Biochar meets organics
One of the most important advances of biochar research in the last years are the combination of biochar with organic nutrients for the developement of new growing media and organic fertilizers. Claudia Kammann is one of the leading figures on this field and gave a very inspiring talk about biochar functions in regard to it’s combination with organics and especialy compost.

 
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Posted by on November 1, 2013 in Agriculture, Biochar, Water

 

Sonoma Ecology Center gets biochar project grant

Read the full story from the Sonoma Index-Tribune.

Earlier this month, the Sonoma Ecology Center and its partners received a grant from the United States Department of Agriculture (USDA) and additional funds from the Sonoma County Water Agency to launch a biochar project.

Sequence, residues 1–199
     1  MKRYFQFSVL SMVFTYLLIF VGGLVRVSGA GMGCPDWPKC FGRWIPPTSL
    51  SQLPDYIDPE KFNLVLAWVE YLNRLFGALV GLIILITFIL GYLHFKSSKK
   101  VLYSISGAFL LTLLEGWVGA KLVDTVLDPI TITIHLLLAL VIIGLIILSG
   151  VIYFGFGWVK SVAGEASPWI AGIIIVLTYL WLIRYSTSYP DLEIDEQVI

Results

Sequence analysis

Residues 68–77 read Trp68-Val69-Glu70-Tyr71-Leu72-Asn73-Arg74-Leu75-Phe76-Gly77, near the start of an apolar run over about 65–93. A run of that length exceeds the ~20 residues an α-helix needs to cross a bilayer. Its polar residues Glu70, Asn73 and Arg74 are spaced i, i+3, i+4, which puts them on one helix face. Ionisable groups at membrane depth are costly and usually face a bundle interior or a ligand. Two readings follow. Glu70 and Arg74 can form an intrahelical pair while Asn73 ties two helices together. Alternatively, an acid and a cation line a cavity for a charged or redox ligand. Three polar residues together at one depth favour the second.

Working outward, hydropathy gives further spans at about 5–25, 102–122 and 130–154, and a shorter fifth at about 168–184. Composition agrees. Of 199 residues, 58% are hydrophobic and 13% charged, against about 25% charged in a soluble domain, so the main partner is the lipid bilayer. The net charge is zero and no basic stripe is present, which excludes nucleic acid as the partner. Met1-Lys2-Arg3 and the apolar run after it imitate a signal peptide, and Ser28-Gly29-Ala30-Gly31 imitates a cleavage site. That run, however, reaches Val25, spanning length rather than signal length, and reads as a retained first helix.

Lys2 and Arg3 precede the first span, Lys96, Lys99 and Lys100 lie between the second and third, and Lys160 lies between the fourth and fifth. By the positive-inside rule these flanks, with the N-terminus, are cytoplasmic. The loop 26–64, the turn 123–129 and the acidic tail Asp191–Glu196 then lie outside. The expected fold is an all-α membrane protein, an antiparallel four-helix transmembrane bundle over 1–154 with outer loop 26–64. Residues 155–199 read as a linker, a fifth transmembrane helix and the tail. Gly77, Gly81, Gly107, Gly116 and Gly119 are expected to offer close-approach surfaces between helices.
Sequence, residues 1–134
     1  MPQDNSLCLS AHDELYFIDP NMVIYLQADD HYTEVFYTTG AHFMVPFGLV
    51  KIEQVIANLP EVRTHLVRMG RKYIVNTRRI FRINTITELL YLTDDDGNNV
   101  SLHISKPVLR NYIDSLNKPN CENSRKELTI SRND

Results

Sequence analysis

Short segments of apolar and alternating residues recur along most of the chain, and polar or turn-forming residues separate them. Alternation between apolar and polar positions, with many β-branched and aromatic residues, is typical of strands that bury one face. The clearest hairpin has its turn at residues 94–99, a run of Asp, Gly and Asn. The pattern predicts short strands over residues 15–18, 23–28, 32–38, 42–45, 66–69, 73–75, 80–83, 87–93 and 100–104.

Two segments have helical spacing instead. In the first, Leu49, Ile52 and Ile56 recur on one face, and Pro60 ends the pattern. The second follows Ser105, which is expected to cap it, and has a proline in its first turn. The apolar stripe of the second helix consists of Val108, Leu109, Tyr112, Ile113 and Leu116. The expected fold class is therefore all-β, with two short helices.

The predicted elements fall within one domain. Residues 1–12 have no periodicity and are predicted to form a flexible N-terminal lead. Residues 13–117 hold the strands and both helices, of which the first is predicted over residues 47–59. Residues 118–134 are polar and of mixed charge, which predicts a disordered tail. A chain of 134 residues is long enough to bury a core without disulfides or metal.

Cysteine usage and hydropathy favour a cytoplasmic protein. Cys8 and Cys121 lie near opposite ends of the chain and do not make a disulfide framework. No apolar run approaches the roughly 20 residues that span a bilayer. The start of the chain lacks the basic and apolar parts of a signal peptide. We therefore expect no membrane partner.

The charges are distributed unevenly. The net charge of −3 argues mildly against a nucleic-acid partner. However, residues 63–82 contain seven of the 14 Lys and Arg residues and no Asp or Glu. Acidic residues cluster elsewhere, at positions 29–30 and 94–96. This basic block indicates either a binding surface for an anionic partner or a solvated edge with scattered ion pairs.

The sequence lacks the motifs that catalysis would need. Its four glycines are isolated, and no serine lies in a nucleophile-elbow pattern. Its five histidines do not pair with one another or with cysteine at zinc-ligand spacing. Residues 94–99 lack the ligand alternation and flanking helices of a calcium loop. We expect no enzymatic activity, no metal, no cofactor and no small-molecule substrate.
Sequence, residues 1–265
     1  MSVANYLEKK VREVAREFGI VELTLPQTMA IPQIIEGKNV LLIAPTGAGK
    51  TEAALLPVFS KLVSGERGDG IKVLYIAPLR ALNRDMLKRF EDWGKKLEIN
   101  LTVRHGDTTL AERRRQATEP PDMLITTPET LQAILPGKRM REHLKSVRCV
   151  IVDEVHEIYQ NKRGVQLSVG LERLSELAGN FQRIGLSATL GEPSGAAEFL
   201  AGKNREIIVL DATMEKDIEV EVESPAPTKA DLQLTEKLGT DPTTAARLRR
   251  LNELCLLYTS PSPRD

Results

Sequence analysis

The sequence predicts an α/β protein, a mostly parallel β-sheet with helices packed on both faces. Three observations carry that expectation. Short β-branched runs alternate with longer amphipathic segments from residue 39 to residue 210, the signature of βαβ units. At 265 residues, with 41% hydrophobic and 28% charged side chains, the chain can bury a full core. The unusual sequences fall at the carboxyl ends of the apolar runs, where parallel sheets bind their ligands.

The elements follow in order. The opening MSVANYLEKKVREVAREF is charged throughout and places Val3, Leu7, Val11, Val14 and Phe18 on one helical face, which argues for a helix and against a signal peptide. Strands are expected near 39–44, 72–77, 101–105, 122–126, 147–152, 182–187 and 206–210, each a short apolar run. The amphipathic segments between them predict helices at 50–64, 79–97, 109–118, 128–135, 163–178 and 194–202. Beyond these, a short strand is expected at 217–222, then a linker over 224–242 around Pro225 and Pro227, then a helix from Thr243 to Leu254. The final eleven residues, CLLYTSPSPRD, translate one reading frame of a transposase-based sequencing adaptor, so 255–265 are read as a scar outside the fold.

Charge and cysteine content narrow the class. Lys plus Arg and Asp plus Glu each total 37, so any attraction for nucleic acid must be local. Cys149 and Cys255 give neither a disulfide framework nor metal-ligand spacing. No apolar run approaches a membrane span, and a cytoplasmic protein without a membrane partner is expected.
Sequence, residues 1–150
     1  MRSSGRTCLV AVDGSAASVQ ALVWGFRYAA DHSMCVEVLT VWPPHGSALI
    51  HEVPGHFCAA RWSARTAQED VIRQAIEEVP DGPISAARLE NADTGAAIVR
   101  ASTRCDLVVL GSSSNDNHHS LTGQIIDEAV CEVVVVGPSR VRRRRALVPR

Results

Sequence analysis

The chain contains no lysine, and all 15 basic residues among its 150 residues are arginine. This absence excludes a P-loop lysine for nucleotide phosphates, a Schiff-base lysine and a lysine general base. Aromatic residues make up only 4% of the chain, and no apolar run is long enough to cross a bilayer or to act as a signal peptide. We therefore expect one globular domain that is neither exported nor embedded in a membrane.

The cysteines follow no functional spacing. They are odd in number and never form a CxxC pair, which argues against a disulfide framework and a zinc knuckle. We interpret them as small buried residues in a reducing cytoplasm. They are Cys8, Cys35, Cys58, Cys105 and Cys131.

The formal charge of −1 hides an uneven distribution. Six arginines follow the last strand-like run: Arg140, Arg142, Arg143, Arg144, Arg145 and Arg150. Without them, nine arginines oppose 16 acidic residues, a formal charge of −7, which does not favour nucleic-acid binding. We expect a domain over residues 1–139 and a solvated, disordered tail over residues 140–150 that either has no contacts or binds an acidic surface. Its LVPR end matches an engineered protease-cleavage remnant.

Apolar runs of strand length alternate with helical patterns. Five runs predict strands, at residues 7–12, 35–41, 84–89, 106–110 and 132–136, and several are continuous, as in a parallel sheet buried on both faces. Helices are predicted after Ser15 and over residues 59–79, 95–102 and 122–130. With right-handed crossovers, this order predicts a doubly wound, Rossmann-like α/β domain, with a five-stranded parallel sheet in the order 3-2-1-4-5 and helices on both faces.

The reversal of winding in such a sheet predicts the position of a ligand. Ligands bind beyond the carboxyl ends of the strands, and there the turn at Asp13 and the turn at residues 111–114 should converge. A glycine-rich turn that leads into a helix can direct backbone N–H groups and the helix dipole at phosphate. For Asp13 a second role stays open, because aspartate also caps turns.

The $75,000 Conservation Innovation Grant (CIG) is allocated to states by the USDA National Resource Conservation Service, and is awarded to groups undertaking sustainable research-based projects. The Sonoma County Water Agency worked with the ecology center to secure the grant and matched the funds with the $75,000 needed to buy an Adam Retort, the machine used to create biochar…

Research for the project, which will focus on how biochar builds soil, retains soil moisture and improves agricultural productivity and forest practices, will take place at three area farms, Swallow Valley Farm in Valley Ford, Oak Hill in Glen Ellen and Green String in Petaluma.Together, the farms have volunteered to dedicate $83,000 worth of time and work to the project. The Adam Retort will be located at Swallow Valley Farm and the initial biochar will be made from the groves of eucalyptus trees on the property, providing a true example of sustainable biochar creation, notes David Brin, a development associate at the ecology center who was involved in writing the grant. The biochar created will be used on each of the three farms to allow researchers to study the effect biochar has in different soils.

 
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Posted by on November 1, 2013 in Biochar